Today’s nuclear power plants are fueled by fission, while hydrogen atoms in the sun experience nuclear fusion, combining to form helium and subsequently releasing large amounts of kinetic energy in the form of electromagnetic radiation and heat.

In nuclear power plants that use uranium fuel rods, neutrons are directed at the uranium, which induces speeded-up fission of some of the atoms: the nuclei split. Otherwise, uranium would split at a much slower rate. That split releases gamma radiation and more loose, fast moving neutrons, which in turn induce more uranium atoms to split, and so on, a chain reaction. As the chain reaction progresses, it produces fragments of the original uranium, of various sizes, consisting of several elements. Some fission products can be radioactive, such as radioactive iodine, cesium, and strontium.

In a power plant context, nuclear materials are allowed just enough contact to keep the chain reaction going at a slow, steady rate and keep the fuel cool enough to prevent melting. If a larger amount of nuclear material is allowed too much contact with itself, it can form a critical mass, which is where the nuclear reactions run away, or take place so quickly that they aren’t controlled.

Gamma rays, the electromagnetic radiation produced in nuclear fission of uranium in power plants, are a high energy form of light, like x-rays. They can pass through, and burn, the human body and other materials.

In a nuclear reactor, the gamma rays and the kinetic energy of the fission products from splitting the uranium both heat the surrounding material, and that thermal energy is used to heat water into steam, which is used to drive turbines and produce electricity.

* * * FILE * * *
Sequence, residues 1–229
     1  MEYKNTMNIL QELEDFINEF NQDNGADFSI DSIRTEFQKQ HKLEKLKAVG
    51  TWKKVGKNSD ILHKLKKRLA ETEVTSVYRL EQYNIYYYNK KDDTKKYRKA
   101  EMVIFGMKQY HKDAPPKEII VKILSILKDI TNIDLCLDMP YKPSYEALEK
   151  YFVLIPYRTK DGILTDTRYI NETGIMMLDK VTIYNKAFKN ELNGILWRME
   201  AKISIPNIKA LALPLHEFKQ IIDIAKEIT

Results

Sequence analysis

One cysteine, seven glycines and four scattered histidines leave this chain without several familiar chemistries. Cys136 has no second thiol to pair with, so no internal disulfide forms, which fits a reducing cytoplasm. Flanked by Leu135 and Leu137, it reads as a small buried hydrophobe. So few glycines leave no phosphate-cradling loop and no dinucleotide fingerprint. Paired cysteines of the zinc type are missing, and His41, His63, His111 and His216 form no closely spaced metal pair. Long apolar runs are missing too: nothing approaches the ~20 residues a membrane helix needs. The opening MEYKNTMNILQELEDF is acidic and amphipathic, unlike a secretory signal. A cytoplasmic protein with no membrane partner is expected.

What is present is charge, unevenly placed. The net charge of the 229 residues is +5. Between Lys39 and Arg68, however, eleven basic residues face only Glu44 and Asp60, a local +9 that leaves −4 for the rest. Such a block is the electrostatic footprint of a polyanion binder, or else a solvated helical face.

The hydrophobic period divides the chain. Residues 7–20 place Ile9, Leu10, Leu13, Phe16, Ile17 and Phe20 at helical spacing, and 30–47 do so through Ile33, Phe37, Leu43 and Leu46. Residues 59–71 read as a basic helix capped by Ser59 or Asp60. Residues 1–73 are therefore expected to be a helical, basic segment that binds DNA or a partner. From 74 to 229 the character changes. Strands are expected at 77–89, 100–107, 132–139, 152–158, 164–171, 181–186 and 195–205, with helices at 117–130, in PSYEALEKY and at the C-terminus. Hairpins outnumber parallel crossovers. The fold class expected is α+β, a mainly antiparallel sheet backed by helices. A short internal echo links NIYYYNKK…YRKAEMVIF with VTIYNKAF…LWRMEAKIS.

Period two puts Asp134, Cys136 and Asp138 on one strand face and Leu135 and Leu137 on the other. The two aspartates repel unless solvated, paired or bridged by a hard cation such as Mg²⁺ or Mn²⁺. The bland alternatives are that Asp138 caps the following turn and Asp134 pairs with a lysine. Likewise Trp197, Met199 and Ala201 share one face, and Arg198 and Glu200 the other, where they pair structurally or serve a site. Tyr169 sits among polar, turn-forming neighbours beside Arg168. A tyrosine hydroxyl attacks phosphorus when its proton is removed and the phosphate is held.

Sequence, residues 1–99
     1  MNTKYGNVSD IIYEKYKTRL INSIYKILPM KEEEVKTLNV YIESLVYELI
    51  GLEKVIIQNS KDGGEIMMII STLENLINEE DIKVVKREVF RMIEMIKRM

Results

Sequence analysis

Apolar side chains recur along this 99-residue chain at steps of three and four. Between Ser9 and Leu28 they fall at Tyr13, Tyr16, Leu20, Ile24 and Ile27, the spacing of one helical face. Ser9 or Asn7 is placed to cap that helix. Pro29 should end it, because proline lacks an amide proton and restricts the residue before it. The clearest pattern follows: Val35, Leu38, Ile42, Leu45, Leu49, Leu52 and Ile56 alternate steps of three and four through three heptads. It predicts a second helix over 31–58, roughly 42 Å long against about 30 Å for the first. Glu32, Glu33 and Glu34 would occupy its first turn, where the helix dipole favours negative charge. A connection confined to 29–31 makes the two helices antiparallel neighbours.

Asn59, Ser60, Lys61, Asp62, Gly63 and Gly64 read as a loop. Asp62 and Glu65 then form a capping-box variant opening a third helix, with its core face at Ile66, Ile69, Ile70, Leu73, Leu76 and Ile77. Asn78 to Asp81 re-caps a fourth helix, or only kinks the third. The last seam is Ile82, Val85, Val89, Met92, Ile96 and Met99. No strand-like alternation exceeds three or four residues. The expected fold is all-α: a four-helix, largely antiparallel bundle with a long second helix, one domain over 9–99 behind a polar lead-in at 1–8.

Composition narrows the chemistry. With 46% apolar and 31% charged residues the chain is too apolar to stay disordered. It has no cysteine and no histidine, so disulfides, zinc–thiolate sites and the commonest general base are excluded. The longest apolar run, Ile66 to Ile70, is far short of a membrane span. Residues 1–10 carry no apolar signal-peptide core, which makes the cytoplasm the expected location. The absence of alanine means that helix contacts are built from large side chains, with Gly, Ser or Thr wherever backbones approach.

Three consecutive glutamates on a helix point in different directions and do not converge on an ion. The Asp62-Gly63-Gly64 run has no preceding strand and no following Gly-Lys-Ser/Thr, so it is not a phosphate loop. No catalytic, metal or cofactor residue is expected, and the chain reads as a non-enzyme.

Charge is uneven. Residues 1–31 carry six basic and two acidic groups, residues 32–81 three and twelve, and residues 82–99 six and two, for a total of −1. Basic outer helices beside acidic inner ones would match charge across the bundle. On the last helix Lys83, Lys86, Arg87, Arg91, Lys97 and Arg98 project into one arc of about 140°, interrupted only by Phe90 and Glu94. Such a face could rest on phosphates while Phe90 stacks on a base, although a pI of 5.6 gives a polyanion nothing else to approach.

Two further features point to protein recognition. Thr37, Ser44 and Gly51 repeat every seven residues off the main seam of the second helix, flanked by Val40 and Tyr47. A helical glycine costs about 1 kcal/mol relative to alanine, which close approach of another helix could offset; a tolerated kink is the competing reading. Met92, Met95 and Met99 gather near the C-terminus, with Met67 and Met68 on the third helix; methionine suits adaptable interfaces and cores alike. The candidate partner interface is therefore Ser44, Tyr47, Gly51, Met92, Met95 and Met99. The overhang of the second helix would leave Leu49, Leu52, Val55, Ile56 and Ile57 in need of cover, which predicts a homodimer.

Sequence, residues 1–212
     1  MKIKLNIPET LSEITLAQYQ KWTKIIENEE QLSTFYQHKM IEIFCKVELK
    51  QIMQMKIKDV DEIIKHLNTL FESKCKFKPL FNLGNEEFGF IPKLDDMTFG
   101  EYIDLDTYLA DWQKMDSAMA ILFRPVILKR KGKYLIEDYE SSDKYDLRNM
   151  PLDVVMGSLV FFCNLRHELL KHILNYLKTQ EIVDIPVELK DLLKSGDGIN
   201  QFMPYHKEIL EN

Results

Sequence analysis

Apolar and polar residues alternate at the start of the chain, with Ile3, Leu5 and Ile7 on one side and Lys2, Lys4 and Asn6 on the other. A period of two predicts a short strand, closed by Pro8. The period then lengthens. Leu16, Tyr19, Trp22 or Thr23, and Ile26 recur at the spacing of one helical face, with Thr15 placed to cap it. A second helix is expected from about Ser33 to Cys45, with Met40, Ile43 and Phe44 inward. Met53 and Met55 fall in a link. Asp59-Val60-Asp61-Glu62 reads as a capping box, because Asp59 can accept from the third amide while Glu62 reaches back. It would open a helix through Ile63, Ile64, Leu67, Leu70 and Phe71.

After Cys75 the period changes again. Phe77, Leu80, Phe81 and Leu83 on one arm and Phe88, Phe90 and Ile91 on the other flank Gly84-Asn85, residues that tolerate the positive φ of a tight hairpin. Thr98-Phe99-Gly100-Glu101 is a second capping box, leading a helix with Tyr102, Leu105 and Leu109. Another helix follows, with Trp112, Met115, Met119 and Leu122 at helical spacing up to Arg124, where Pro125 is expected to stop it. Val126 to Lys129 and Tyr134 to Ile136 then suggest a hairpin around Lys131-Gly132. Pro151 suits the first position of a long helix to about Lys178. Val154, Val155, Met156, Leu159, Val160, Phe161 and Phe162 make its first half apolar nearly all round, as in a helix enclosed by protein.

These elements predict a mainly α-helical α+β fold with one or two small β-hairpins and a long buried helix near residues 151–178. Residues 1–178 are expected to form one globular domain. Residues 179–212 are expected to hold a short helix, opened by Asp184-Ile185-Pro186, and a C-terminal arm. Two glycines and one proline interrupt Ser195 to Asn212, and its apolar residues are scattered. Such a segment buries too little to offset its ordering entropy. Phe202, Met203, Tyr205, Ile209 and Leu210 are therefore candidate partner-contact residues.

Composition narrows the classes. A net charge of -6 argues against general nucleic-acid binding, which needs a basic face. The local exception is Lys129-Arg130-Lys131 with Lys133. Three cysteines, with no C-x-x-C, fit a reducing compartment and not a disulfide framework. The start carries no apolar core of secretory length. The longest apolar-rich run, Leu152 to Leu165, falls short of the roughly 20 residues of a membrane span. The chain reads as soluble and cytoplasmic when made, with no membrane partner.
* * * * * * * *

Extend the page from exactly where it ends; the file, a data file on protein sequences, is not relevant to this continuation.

For a map of nuclear power plants in the United States, see here.



Nuclear fusion is essentially the opposite of nuclear fission. Atoms combine their nuclei to form heavier atoms. Fusion powers the sun and other stars.

In the core of our sun, the nuclei of hydrogen, of one proton each, fuse together to form a two-proton helium nucleus. The result is a stable helium atom, a huge amount of energy, and a neutron.

Fusion requires a high investment of initial energy to get protons to stick together, as they naturally repel one another because they’re positively charged. In the sun, extreme temperature and substantial gravity make fusion possible. On Earth, getting fusion working in a commercial power plant context has so far eluded scientists, but fusion reactions have occurred on a small scale. Scientists are trying methods like ionized gas, called plasma, to induce fusion, and there are several research projects worldwide looking at ways to make fusion a reality on Earth. One international effort to build a working fusion plant is ITER, in France.



  • U.S. Nuclear Regulatory Agency
  • U.S. Energy Information Administration
  • World Energy Council
  • Lawrence Berkeley National Laboratory
  • International Atomic Energy Agency
  • Halliday, David; Resnick, Robert; and Krane, Kenneth S. Physics 4th Edition(John Wiley & Sons:December 27, 1991).
  • ITER website
  • Living on Earth